President Ferdinand Marcos Jr.’s first official travel abroad could be to Southeast Asia, possibly Indonesia or Singapore, a ranking official said Wednesday.
Philippine Ambassador to the United States Jose Manuel Romualdez said while many governments have invited Marcos to visit, the President is really looking to travel first to the Asean (Association of Southeast Asian Nations) region.
“The Department of Foreign Affairs (DFA) is recommending that he go to Indonesia and Singapore,” he said.
The relations between Indonesia and the Philippines are marked by various high-level engagements in various fields, including maritime security and counter-terrorism.
Early this month, they also laid the groundwork for the delimitation of their continental shelf boundary in the Celebes Sea, a declared priority for both countries.
The DFA said the maritime boundary delimitation between the world’s two largest archipelagic states is a significant state practice on delimitation and contributes to the development of international law, particularly the law of the sea.
Meanwhile, Romualdez said Marcos also wanted to be more active in Asean affairs and has expressed interest in playing a “major role” in getting the 10-member bloc together.
“In fact, I can tell you that he’s had conversations with (Singapore) Prime Minister Lee (Hsien Loong) even before his inauguration and they both agree that Asean will be the forum or institution that strengthens our part of the world,” he said.
At the same time, Romualdez said the President is keen on meeting US President Joe Biden during the UN General Assembly in New York in September.
“We already told the White House that when President Marcos is at the UN, a meeting between the two leaders will be quite welcome for us,” Romualdez said.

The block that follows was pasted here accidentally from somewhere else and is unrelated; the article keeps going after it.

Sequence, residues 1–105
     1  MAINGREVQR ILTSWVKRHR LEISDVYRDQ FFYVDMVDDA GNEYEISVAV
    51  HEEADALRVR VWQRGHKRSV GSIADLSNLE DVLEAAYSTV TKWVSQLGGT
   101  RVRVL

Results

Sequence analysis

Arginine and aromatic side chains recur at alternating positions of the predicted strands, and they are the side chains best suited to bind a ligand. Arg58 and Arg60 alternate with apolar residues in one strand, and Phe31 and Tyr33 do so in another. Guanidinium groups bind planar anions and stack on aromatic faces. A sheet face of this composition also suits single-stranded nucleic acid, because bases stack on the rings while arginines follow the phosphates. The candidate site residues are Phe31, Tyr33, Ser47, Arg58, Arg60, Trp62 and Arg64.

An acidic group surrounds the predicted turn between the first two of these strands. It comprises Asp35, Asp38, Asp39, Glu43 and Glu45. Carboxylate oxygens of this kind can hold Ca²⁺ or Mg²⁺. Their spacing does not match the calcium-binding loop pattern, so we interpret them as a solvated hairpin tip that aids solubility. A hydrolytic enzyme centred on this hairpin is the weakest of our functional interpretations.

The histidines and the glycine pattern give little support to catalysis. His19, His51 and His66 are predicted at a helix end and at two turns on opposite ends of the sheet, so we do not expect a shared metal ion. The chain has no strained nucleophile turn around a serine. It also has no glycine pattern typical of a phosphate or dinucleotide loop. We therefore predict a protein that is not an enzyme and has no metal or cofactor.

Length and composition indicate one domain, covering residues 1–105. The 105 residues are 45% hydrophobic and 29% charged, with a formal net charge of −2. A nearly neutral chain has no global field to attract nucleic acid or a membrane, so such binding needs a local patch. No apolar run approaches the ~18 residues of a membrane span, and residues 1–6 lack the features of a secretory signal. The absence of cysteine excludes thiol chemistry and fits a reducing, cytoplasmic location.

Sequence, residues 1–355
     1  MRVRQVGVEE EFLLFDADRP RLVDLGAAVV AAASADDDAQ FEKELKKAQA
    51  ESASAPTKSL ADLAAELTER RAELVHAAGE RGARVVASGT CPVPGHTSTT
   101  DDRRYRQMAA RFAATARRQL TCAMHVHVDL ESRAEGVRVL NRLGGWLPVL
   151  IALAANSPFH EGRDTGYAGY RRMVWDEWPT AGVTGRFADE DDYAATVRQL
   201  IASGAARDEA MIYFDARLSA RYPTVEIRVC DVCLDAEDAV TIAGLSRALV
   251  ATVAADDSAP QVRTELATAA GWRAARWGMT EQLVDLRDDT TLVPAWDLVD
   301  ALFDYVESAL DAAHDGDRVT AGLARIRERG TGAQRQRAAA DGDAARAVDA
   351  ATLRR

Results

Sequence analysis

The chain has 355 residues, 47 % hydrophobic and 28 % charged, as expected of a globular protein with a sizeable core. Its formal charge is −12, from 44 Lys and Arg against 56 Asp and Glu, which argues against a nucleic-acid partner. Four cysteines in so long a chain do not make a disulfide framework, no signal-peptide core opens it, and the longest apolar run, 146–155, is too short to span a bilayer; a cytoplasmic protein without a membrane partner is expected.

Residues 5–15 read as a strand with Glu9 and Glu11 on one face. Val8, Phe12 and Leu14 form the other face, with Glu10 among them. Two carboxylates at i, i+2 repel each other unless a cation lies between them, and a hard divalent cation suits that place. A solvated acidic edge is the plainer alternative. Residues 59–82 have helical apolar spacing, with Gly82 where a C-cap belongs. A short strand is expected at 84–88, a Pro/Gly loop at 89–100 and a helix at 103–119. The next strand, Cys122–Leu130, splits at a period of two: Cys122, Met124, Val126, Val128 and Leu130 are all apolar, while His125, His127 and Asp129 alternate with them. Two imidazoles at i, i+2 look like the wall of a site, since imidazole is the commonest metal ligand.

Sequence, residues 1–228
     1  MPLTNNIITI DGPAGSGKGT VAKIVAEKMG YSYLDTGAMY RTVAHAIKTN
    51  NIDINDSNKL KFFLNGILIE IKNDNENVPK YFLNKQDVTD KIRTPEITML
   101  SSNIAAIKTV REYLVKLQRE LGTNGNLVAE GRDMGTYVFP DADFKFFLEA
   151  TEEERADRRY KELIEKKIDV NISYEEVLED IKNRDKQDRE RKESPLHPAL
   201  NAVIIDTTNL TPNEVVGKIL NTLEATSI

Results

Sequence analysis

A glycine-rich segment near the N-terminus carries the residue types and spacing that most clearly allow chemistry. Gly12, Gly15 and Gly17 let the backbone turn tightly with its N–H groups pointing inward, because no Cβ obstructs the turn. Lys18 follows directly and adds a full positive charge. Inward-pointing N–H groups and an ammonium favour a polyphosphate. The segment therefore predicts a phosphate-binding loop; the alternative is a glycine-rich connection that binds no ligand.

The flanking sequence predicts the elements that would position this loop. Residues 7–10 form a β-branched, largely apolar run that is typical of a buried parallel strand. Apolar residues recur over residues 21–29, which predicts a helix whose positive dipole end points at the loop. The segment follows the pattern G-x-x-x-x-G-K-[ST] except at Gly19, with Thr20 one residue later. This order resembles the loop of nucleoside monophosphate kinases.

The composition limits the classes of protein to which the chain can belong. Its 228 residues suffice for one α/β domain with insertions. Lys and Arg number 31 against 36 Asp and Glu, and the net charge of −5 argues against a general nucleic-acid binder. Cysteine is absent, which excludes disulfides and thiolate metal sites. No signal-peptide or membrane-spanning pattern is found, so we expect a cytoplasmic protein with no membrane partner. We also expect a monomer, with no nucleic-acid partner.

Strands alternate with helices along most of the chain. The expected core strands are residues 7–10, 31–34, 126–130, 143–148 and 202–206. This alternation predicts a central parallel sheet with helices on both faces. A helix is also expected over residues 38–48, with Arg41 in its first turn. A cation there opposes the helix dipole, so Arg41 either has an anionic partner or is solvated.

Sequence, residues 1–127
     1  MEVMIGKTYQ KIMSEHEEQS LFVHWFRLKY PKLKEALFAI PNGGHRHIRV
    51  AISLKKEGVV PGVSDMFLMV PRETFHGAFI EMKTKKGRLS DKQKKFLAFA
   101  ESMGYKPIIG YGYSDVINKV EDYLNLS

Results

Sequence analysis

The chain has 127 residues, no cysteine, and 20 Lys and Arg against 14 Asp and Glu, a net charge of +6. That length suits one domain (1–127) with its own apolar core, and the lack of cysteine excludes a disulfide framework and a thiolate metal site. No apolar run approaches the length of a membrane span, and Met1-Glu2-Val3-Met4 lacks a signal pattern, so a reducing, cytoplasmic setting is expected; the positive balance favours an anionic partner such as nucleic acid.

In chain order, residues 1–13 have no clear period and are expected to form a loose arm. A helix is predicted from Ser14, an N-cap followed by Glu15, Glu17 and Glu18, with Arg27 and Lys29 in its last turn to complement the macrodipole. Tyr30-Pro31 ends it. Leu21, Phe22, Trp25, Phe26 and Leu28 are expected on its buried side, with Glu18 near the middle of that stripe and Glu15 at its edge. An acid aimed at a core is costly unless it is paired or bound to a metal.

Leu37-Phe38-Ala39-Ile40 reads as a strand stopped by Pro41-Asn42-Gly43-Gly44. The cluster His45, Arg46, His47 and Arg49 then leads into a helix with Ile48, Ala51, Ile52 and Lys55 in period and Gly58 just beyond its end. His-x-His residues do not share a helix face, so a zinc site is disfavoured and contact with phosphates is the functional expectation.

Romualdez acknowledged, however, that there was a “slim chance” of that happening as there are 40 to 50 heads of states expected to attend the General Assembly.
“But I am sure that President Biden would like to meet those leaders that have been newly elected that he has not met,” Romualdez added.
Biden also invited Marcos to visit Washington through a personal invitation letter handed over by Douglas Emhoff, the husband of US Vice President Kamala Harris, during the President’s inauguration on June 30.
Romualdez expressed hopes that more investments would come into the country from the US and China.
In a Kapihan sa Manila Bay forum, Romualdez said the President “knows the value” of the Philippine relations with the US, which “has always been with us,” especially throughout the procurement of the COVID-19 vaccines.
Romualdez made the statement when asked how he believes President Marcos will be different from former President Rodrigo Duterte in terms of dealing with the US, and if he thinks that there will be fewer challenges and more stability under the new administration.
Romualdez said the tension between the US and China could be a challenge for the Philippines, but said he believes Marcos has plans on how to approach both countries.
“The challenge is really on issues…as we know, these two countries are in very strong competition. We are hoping that being right in the middle of all of this, obviously our relationship with the United States is very important and we would like to reach out to China to resolve the issues surrounding the West Philippine Sea,” he said.
“But at the same time, we want a true economic activity where more investments will be coming from China. They are an economic powerhouse,” he added.
Marcos, who is Romualdez’s cousin, earlier said that in terms of foreign policy, he would not adopt the “slightly unorthodox approach” of Duterte, who rattled diplomats with his firebrand rhetoric and mercurial nature.
Marcos said he is fine with an independent foreign policy for the Philippines, which is “friends with everyone,” adding that he would seek to strike a balance between China and the US, which are vying to have the closest ties with his administration.